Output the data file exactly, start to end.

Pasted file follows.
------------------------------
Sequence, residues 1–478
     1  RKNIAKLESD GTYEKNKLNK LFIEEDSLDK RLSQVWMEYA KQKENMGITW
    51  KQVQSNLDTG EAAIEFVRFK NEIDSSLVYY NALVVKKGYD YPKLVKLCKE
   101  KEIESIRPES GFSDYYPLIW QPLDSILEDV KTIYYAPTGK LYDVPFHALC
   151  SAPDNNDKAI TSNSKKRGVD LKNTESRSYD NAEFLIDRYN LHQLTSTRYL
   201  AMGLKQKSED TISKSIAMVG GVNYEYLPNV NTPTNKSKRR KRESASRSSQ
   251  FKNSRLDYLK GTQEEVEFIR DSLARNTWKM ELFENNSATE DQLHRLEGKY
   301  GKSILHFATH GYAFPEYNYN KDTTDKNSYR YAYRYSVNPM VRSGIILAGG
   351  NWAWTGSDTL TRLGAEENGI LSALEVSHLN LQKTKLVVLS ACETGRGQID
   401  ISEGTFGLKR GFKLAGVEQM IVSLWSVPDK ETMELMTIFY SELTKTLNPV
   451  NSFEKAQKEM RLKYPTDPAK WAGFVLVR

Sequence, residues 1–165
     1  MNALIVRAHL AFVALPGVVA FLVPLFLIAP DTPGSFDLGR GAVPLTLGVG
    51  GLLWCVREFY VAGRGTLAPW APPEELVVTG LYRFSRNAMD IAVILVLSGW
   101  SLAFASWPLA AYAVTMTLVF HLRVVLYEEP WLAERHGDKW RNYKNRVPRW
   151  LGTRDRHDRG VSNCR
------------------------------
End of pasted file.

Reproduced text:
Sequence, residues 1–478
     1  RKNIAKLESD GTYEKNKLNK LFIEEDSLDK RLSQVWMEYA KQKENMGITW
    51  KQVQSNLDTG EAAIEFVRFK NEIDSSLVYY NALVVKKGYD YPKLVKLCKE
   101  KEIESIRPES GFSDYYPLIW QPLDSILEDV KTIYYAPTGK LYDVPFHALC
   151  SAPDNNDKAI TSNSKKRGVD LKNTESRSYD NAEFLIDRYN LHQLTSTRYL
   201  AMGLKQKSED TISKSIAMVG GVNYEYLPNV NTPTNKSKRR KRESASRSSQ
   251  FKNSRLDYLK GTQEEVEFIR DSLARNTWKM ELFENNSATE DQLHRLEGKY
   301  GKSILHFATH GYAFPEYNYN KDTTDKNSYR YAYRYSVNPM VRSGIILAGG
   351  NWAWTGSDTL TRLGAEENGI LSALEVSHLN LQKTKLVVLS ACETGRGQID
   401  ISEGTFGLKR GFKLAGVEQM IVSLWSVPDK ETMELMTIFY SELTKTLNPV
   451  NSFEKAQKEM RLKYPTDPAK WAGFVLVR

Sequence, residues 1–165
     1  MNALIVRAHL AFVALPGVVA FLVPLFLIAP DTPGSFDLGR GAVPLTLGVG
    51  GLLWCVREFY VAGRGTLAPW APPEELVVTG LYRFSRNAMD IAVILVLSGW
   101  SLAFASWPLA AYAVTMTLVF HLRVVLYEEP WLAERHGDKW RNYKNRVPRW
   151  LGTRDRHDRG VSNCR